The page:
An author and commentator argues that something is missing from a list of people who could "wreck your diet."
The article from Health.com doesn't mention that you could be the reason you are wrecking your diet. Instead, Health.com says it could be a best friend, a food critic, or even a cake-baking coworker.
Julie Gunlock, director of the Culture of Alarmism Project at the Independent Women's Forum, responds tongue-in-cheek: "Isn't this kind of this website, Health.com, to offer us 11 reasons why our diet hasn't worked – rather than the real reason, [which] is you don't have enough self-control and ability to stick to your diet?"
Gunlock says when it comes to dieting everyone has good days and bad days – but that these kinds of articles are "designed to relieve you of personal responsibility."
"It's not your fault, it's the insecure spouse, they say; the food critic, the sports fan, the workout partner, the easily insulted family member," she comments to OneNewsNow. "[Granted], it doesn't help you to hang out with people who are constantly ordering the double burger and fries at lunch; but again, people know that if you want to stick to a good diet, you need to get moderate exercise and eat right."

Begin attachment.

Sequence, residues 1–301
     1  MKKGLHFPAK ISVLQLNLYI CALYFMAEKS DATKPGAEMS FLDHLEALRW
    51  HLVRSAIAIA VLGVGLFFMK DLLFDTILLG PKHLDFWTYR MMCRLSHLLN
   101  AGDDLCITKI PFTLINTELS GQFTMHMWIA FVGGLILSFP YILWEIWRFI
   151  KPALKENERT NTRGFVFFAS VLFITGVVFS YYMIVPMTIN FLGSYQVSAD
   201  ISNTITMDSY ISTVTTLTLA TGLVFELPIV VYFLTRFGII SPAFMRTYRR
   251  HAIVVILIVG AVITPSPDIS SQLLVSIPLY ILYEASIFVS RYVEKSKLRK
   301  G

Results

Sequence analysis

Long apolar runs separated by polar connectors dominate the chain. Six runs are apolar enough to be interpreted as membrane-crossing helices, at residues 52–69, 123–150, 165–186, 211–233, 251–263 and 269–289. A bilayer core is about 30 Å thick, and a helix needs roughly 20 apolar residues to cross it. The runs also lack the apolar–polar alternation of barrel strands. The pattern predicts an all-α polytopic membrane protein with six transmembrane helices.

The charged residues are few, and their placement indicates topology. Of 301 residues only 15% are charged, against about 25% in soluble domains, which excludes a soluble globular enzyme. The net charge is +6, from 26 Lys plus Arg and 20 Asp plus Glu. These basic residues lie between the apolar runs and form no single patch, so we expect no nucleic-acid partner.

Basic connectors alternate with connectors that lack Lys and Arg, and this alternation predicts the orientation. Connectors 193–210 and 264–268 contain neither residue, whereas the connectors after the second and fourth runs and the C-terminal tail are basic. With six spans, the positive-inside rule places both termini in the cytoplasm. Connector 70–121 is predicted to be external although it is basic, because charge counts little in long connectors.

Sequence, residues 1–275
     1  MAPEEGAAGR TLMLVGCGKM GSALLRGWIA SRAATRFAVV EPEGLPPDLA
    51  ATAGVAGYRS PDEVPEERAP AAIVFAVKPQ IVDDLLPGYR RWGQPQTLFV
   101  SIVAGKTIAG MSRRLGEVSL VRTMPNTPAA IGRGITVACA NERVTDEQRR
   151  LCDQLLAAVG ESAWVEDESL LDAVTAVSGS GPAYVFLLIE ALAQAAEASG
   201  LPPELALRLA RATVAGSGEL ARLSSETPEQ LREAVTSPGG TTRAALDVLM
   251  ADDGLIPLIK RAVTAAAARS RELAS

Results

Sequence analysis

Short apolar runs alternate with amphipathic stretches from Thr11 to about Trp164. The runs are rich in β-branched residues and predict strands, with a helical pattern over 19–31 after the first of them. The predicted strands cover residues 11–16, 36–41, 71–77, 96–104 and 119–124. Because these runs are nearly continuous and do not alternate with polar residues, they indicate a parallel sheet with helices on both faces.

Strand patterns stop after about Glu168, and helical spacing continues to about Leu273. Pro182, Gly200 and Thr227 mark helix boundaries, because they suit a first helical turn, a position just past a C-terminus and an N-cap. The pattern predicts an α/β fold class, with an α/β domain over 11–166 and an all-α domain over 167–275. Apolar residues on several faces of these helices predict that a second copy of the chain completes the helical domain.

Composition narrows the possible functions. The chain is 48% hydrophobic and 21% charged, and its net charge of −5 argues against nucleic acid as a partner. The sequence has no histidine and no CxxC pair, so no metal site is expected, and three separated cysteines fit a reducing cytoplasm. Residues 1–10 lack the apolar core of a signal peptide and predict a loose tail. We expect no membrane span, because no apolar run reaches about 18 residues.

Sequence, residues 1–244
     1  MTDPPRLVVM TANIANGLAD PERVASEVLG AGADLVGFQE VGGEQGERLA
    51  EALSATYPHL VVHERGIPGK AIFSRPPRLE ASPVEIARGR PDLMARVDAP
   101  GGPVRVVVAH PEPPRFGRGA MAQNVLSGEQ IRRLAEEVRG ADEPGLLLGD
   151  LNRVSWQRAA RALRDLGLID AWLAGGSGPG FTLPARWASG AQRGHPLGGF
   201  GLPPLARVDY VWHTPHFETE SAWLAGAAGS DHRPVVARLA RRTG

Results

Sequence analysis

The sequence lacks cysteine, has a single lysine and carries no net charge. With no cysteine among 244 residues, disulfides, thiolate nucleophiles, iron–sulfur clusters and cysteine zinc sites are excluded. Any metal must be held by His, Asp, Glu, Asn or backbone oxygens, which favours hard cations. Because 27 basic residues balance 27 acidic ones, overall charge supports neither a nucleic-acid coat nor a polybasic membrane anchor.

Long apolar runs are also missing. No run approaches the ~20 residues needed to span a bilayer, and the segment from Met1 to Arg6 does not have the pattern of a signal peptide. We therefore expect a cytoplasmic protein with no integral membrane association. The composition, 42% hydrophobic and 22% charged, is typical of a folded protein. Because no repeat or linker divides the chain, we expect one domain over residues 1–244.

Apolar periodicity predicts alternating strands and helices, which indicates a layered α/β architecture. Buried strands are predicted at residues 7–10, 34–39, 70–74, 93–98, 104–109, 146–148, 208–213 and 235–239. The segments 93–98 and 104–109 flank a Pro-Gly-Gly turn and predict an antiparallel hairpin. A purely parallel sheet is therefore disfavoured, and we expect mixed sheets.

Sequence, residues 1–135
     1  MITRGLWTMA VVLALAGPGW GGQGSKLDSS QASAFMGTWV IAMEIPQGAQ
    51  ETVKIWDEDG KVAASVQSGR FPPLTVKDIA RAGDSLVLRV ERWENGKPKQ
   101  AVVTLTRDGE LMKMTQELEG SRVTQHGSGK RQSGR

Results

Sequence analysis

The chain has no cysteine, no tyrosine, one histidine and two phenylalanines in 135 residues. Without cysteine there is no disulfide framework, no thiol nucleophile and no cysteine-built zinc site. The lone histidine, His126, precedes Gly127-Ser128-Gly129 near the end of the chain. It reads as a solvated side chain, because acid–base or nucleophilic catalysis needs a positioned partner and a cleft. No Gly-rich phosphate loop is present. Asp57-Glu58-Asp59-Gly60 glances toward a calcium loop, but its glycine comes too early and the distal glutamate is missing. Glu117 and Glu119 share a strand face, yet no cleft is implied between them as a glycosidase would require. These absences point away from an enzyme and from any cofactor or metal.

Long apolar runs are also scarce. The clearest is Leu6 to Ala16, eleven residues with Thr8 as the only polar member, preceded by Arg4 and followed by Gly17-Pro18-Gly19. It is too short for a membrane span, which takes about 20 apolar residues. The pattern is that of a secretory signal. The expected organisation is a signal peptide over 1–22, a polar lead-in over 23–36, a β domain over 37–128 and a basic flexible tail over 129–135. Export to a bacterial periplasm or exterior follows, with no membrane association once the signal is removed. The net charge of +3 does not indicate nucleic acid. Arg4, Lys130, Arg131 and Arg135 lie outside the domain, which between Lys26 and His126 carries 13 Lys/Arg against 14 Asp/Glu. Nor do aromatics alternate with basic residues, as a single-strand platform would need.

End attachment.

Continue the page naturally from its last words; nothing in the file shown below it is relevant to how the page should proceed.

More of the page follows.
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Last year, a similar article from "upwave" claimed that air pollution, car dependence and antibiotics were some of the things feeding obesity.
Contrary to a NASA study, the world needs a higher population replacement rate.